RUGBY UNION: It's been a while, too long really since Samoa genuinely set the heart racing at a World Cup the way they did in 1991.
They have dined out on that campaign for too long. As magical and inspiring as it was, Samoa need a new World Cup chapter. And they must be a chance, there has to be, that they will write one at Villa Park.
No one gets to choose where and when defining moments occur, but Samoa can at least see they can choose to see the potential of making a little history in Birmingham.
What they know is this - South Africa lost to Japan in their opening game. What Samoa assume from that is that the Boks will respond in the only way they know how, to run harder and straighter: to be at their most intimidating and aggressive.
South Africa's coach Heyneke Meyer has laid those facts out, bare as you like. The go-to euphemism for him is "old school". In that he implies he's out of touch, mired in the past, wedded to a belief that what used to work still can. All of that, except him being out of touch, is probably true. He is wedded to the past, but has convinced himself that's because he's immersed himself in the present and failed to see why knocking lumps out of people all over the field can't actually be successful in the modern game.
"Whenever we are physical and play our style of rugby, nobody in the world can beat us," he said when he unveiled his team.
"That's what I try to get through to the players. We have to be leaders in our own field. We've won two World Cups and we can still win this one if we play South African rugby."
Samoa will of course disagree. They have to. Their World Cup campaign would benefit enormously from a victory over the Boks and not just because of where it would leave them in Pool B.
Japan have suddenly become the darlings of the rugby world. They have earned the right to be taken seriously, and behind their brave and innovative players lies the third largest economy in the world.
The attraction for Sanzar and World Rugby - who awarded Japan the 2019 hosting rights - was always the money. Now they have the justification to lobby for Japan on rugby grounds too.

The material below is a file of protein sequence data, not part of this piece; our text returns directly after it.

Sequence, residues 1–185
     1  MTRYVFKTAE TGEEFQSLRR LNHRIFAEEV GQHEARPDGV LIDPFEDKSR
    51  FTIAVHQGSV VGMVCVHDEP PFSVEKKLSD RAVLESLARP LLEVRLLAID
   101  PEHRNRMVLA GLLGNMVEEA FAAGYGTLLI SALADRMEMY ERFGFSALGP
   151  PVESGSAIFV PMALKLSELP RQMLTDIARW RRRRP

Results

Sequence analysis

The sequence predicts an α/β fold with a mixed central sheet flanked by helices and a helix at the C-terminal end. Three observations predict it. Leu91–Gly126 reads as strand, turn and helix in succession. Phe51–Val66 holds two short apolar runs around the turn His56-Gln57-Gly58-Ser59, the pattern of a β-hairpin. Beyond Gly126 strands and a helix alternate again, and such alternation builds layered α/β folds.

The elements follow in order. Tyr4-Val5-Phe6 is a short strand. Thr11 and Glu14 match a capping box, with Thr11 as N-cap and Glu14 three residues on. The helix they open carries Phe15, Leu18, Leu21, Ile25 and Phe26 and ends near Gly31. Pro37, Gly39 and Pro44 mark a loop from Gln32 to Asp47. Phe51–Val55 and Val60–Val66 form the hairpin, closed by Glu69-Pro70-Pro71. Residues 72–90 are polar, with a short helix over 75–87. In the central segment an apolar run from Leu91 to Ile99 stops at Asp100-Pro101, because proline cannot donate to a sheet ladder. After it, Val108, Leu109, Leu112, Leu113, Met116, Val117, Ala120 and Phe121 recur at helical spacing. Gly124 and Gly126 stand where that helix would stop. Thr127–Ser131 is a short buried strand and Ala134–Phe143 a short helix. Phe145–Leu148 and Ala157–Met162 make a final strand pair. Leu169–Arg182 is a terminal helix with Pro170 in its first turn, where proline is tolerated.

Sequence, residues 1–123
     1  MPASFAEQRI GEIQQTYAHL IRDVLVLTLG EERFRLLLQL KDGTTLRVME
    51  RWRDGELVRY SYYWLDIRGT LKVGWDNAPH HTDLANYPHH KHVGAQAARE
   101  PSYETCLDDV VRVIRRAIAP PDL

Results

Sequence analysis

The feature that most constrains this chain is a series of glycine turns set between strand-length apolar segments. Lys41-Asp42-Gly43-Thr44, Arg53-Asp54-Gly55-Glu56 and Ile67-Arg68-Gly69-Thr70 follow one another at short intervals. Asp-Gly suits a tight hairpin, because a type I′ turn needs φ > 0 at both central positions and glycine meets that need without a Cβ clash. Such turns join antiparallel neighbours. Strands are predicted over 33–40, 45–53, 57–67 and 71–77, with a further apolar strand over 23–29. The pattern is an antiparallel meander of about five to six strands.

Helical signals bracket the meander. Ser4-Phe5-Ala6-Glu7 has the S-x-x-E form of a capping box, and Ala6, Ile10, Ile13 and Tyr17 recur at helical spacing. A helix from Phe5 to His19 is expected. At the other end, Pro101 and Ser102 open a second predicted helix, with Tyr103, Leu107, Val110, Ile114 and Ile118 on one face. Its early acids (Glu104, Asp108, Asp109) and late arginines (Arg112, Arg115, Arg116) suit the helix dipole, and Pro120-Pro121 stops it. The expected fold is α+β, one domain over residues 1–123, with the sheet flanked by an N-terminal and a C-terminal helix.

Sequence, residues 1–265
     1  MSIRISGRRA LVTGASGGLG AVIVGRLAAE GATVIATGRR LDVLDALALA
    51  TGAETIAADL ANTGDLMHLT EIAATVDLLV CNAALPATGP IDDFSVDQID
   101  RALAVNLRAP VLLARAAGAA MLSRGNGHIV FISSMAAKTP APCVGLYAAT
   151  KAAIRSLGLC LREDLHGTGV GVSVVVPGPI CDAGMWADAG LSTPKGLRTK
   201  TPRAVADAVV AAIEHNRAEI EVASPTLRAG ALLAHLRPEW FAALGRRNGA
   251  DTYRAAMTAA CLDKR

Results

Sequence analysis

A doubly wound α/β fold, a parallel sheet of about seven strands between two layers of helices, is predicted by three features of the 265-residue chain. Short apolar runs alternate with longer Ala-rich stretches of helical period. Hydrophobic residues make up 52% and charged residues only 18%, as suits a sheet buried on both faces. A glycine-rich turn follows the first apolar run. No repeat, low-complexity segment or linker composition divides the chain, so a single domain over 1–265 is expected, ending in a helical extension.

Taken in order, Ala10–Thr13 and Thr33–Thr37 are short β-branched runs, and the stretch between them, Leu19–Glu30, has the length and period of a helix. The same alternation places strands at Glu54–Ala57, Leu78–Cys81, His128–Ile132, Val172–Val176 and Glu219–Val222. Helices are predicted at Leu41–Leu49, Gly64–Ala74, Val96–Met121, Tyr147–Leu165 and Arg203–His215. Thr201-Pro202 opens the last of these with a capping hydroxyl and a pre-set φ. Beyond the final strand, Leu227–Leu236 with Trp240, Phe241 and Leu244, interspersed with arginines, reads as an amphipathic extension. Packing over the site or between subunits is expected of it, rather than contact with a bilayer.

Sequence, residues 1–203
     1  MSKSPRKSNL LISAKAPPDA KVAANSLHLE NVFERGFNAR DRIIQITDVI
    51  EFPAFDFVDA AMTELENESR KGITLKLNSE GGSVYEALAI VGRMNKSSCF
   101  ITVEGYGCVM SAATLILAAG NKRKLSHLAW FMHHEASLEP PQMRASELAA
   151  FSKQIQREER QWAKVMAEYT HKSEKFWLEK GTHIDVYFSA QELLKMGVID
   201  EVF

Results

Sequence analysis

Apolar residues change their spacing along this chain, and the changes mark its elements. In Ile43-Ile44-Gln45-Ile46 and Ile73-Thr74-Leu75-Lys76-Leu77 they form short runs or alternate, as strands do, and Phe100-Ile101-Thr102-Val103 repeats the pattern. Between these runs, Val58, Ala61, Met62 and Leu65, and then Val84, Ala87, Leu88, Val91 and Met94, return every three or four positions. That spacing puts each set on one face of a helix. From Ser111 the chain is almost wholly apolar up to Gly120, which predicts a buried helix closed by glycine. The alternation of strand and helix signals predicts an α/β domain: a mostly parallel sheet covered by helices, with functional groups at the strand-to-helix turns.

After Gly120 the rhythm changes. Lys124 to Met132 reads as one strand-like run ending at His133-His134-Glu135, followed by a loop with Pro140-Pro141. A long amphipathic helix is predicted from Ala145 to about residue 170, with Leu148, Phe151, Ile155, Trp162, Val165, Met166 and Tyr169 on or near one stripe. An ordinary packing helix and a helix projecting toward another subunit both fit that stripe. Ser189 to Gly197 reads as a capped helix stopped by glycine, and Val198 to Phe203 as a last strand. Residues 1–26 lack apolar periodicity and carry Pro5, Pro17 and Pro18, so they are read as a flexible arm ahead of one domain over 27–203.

Samoa, who are still pretty much at the stage of sending the wheelbarrow round the villages for donations, will stay in their familiar place of being out in the cold. They would love some kind of ticket into Super Rugby or the Rugby Championship. They would love to be kin with the big boys - having as they do the playing resource to survive there. But with no money and no lure of being the sort of place where anyone can make money, their only hope for changing the status quo is to demand it through their performances.
This is Samoa's time. They can get back to doing what they do best and rattling bones with their tackling.
When the Boks come hard, they will meet Motu Matu'u, the Hurricanes hooker who probably tackles harder than any man on the planet. TJ Ioane and Jack Lam will go all day and Kahn Fotuali'i must provide a timely reminder as to why many people feel he's one of the best halfbacks in the world. The electric feet of Tim Nanai-Williams can dance past anyone and stand back for the wrecking ball that is Alesana Tuilagi.
The bigger question is whether they have the organisation and tactical nous. Do they have the decision-makers, the poise, the control and patience to utilise what possession they win?
These are big questions and the time has come for Samoa to answer.
Update your news preferences and get the latest news delivered to your inbox.